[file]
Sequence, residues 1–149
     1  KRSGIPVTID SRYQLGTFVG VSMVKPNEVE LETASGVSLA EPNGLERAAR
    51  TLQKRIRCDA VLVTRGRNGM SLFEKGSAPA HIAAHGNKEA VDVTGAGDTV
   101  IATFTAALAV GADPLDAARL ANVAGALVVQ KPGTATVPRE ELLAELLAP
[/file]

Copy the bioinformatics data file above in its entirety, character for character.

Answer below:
Sequence, residues 1–149
     1  KRSGIPVTID SRYQLGTFVG VSMVKPNEVE LETASGVSLA EPNGLERAAR
    51  TLQKRIRCDA VLVTRGRNGM SLFEKGSAPA HIAAHGNKEA VDVTGAGDTV
   101  IATFTAALAV GADPLDAARL ANVAGALVVQ KPGTATVPRE ELLAELLAP